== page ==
FIGS. 4-5 illustrate a second embodiment of the invention in which the all fiber attenuator is coupled directly into a detector. In FIG. 4 a single-mode optical fiber 41 is fusion spliced to an attenuating optical fiber 42. Attenuation, as in the above embodiment, is provided by solution doping a segment of an optical fiber. Attenuating fiber 42 is placed such that its endface 43 is in substantial optical contact with a detector 44. In this configuration light which is not absorbed by the dopant will instead be scattered out of a core portion 45 and into a cladding portion 46 of attenuating fiber 42. If left untreated this light can enter detector 44, thus decreasing the level of attenuation provided by attenuating fiber 42. This effect can be reduced by etching the cladding portion of the fiber as shown in FIG. 5. In this figure a cladding portion 47 of attenuating fiber 42 has been chemically etched thereafter, the cladding is coated with a layer of epoxy. In this instance most of the light which has been scattered into cladding portion 47 will not be reflected by the etched and roughened fiber walls. Instead this light will be leaked out of the fiber, thus not reaching the detector and not significantly affecting the performance of the fiber attenuator. A coating, such as epoxy, can be applied to the chemically etched cladding, the coating absorbing light leaking out of cladding portion 47.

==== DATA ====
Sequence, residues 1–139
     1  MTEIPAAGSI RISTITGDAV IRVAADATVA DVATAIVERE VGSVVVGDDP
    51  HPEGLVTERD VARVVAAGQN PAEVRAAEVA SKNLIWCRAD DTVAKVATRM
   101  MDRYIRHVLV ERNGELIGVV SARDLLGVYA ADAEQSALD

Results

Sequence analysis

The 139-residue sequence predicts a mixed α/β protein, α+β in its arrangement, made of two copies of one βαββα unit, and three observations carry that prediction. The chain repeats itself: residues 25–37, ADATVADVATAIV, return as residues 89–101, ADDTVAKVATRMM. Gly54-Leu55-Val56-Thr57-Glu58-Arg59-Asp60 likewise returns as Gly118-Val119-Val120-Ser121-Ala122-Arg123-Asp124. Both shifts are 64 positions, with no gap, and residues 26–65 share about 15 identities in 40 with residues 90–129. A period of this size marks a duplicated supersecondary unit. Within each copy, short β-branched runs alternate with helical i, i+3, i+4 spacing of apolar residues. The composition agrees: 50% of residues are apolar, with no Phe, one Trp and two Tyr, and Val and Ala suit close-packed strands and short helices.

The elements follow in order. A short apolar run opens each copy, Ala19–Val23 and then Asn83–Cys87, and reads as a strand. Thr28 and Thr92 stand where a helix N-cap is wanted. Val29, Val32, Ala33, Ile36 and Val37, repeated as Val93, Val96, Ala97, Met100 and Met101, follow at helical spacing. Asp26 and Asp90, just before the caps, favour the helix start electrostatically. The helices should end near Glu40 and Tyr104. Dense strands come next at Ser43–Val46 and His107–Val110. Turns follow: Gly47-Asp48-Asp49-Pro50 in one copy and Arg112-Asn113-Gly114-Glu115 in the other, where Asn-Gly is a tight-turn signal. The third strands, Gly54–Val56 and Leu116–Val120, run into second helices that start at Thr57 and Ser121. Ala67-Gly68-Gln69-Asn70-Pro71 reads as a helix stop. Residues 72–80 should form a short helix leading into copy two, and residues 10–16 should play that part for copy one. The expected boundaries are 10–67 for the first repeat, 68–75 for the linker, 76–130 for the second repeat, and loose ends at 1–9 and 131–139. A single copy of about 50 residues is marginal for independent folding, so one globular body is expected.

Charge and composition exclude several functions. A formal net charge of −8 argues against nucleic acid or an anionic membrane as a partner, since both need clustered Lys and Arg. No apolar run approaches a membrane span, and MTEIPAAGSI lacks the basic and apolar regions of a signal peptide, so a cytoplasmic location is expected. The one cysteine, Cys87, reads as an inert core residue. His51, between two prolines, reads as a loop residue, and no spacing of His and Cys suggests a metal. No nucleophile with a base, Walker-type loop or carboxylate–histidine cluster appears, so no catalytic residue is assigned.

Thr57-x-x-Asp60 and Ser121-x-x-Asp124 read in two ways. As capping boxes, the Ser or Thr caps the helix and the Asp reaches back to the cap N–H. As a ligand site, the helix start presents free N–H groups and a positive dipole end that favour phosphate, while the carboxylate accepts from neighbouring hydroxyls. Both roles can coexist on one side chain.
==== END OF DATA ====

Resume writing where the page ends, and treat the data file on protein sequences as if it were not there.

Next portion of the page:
While the invention has been particularly shown and described with reference to specific embodiments thereof, it will be understood by those skilled in the art that the foregoing and other changes in the form and details may be made therein without departing from the spirit or scope of the invention.